As his TV and film career progressed, Grunberg landed roles as entrepreneur Sean Blumberg on Felicity and CIA agent Eric Weiss on Alias with the help of childhood friend Abrams. Grunberg even accompanied Abrams on his Jimmy Kimmel Live! interview, sat with the band, and played a riff on the bongos anytime the conversation dragged.

Still playing just for fun, Grunberg kept drumming on the back burner while he worked on his acting career. It wasn’t until his son Jake was diagnosed with epilepsy five and a half years ago that Grunberg took his drumming to the next level. “People don’t talk about epilepsy and I want to remove the stigma attached to it,” says Grunberg. “I’ve always been a charitable person but, when you’re hit with something personally, it becomes a cause.”

The idea to form The Band From TV occurred to Grunberg when he was asked to play with other celebrities at the House of Blues. He saw the interest it stirred, and figured gigging with a band of celebrities would be a great way to raise money for the Pediatric Epilepsy Project and other charities. After guest starring on an episode of House, Grunberg convinced accomplished pianist Hugh Laurie, who plays the cantankerous Dr. House, to join the band.

As word got out, The Band From TV attracted many TV stars itching to live out their rock star fantasies. The band, founded in 2006, eventually included James Denton of Desperate Housewives (guitar), Teri Hatcher of Desperate Housewives (vocals), Jesse Spencer of House (electric violin), Bonnie Somerville of Cashmere Mafia (vocals), Bob Guiney of The Bachelor (vocals), Adrian Pasdar of Heroes (guitar), as well as a back up band of professional musicians.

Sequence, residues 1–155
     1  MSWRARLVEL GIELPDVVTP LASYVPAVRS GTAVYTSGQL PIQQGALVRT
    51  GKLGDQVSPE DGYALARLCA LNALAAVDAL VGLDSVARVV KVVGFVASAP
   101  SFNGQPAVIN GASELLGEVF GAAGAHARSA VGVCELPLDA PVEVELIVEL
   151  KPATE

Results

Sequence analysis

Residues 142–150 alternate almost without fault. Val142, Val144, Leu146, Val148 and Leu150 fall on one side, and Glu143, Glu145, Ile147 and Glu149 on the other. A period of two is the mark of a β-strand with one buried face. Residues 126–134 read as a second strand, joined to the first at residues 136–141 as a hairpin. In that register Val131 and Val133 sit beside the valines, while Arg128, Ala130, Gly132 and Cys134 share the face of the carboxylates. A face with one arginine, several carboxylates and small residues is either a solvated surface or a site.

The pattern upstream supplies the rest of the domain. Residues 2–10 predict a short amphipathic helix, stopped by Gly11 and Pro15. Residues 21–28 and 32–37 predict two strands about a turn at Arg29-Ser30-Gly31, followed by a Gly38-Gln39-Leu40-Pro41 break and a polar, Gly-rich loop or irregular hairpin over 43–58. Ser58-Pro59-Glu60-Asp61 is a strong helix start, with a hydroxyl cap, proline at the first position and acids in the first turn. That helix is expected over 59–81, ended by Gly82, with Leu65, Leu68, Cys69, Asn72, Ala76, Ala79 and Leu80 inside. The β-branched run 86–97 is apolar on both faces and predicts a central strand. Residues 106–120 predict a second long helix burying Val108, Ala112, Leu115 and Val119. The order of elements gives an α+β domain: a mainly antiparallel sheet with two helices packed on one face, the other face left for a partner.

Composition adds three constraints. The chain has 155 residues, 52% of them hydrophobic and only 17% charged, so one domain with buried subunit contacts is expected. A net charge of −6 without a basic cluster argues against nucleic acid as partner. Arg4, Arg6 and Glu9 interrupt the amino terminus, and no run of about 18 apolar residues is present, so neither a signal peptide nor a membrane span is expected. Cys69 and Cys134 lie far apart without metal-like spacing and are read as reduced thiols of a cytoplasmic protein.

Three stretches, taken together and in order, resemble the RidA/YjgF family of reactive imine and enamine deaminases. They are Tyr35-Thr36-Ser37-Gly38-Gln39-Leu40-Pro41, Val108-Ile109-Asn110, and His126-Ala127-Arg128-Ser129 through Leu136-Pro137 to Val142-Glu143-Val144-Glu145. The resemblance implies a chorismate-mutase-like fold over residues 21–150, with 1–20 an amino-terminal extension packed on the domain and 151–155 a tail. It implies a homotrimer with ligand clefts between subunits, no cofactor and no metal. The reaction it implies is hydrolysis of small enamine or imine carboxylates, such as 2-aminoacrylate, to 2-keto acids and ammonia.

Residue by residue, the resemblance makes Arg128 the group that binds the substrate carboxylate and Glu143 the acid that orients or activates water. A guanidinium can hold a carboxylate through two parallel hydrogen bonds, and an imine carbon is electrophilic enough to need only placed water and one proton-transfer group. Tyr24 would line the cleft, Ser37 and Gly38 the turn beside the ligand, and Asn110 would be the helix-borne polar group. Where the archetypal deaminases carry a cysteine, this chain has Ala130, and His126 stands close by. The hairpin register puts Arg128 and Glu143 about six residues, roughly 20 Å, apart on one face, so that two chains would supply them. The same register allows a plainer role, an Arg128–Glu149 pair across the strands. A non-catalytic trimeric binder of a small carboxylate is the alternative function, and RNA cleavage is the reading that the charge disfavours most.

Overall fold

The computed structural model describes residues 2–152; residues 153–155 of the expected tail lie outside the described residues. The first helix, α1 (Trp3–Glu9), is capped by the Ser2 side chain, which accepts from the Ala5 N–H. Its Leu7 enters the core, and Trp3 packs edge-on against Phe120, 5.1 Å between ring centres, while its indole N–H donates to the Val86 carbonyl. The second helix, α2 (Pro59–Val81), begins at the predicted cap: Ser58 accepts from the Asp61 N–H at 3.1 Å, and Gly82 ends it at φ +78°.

Each celebrity has a charity of choice and the money made from the band’s successful CD/DVD combo Hoggin’ All the Covers (sold on and its various concerts is split between organizations like Save the Children and The Conservation Fund. Playing lively covers like “Will It Go Round in Circles” and “Shake a Tail Feather,” Band From TV has performed on The Tonight Show with Jay Leno, at TV Guide’s Emmys after party, as well as at the Mohegan Sun Casino.

“The band does it all for charity so we don’t take ourselves that seriously,” says Grunberg. “It’s like a rock n’ roll fantasy. What we lack in talent, we make up for in enthusiasm and fun.”

Besides being the “heartbeat of the band” and pumping up the energy in the background, Grunberg also shows off his pipes, which very few people even knew he had. “I fake it,” says Grunberg. “I’m playing a character so if my voice gets a little raspy, I sell it. I smile because it’s genuine and I’m really having a blast—I’m not faking that.”

The group gets together and practices about three times a month when they have a gig coming up. Grunberg practices on his DW Drums rehearsal kit and has a separate one for shows. “This drum tech crew comes before my gigs and sets up the kit,” says Grunberg. “That really makes me feel like a rock star.” Getting compliments from people like American Idol’s Simon Cowell and guitarist John Mayer doesn’t hurt Grunberg’s dreams of star power, either.

Ultimately, Grunberg hopes the band’s success will help find a cure for epilepsy and continue to assist the various charity efforts. Focusing on his own music goals, Grunberg would love to find a project where he can marry his love for percussion with his passion for acting. “If I didn’t have music in my life, I would probably go crazy,” says Grunberg.

Surprisingly, along with his music-related aspirations, Grunberg says he is working on getting over performance anxiety. “I want to get in a comfort zone like I feel with acting,” says Grunberg. “I’m always looking for a challenge to keep me on my toes and I get that level of excitement from playing live music. There is nothing like being in a band and playing together in front of a crowd. If someone drops out, you’ve got to keep going and that’s the exciting/scary part. But, when it all works out you just have fun. It’s infectious and you don’t have to be perfect.”

Jackie SAunders sanG with an a cappella group and jazz band in high school and is now teaching herself to play guitar. (